Why did the sun have a halo Saturday?

Local News

FREEDOM, Wis. (WFRV) – Something other than the warm sun and the cool breeze caught the attention of many Saturday afternoon. Painting the Northeast Wisconsin sky was a visual phenomenon known as a sun halo.

Sun halos may remind you of a colorless rainbow, however, whereas rainbows are seen after a good rain shower, sun halos form from ice.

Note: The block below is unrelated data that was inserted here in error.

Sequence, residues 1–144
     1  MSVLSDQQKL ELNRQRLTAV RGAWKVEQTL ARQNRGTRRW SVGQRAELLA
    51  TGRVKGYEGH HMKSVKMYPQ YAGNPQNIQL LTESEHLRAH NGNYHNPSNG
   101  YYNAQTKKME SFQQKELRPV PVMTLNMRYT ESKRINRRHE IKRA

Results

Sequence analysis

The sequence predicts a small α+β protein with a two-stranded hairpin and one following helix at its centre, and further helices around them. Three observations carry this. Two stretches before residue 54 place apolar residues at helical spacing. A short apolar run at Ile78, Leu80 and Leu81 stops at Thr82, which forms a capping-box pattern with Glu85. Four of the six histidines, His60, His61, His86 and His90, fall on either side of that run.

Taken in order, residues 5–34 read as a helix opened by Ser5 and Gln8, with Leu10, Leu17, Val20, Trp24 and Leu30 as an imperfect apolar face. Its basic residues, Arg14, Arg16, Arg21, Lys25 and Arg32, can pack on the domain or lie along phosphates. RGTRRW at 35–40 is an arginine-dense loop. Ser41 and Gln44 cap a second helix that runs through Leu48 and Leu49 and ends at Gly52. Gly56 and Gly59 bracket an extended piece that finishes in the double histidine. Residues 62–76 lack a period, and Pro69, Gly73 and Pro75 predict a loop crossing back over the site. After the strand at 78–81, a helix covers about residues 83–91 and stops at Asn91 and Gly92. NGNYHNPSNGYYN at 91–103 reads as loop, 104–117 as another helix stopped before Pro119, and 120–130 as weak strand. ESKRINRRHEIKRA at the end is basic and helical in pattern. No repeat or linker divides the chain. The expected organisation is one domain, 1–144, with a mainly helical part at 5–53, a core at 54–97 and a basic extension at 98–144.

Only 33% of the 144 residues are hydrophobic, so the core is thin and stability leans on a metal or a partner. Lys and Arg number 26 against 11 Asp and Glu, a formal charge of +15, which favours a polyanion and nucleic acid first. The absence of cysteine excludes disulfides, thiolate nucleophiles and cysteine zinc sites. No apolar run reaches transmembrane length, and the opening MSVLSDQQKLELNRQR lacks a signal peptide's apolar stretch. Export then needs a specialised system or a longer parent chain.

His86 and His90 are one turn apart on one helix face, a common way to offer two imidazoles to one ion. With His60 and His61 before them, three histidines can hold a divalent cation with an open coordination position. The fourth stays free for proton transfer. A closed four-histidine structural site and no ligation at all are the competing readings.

According to WFRV Local 5 Chief Meteorologist Luke Sampe, sun halos are caused by ice crystals refracting sunlight at 22 degrees.

High, thin cirrus clouds, which occur at altitudes above 20,000 feet, are necessary to see a sun halo.

These high altitude cirrus clouds are made of mostly ice crystals which refract the sunlight, much like a prism showing the colors of a rainbow.

Cirrus clouds can signify warmer air and rain could be on the way.


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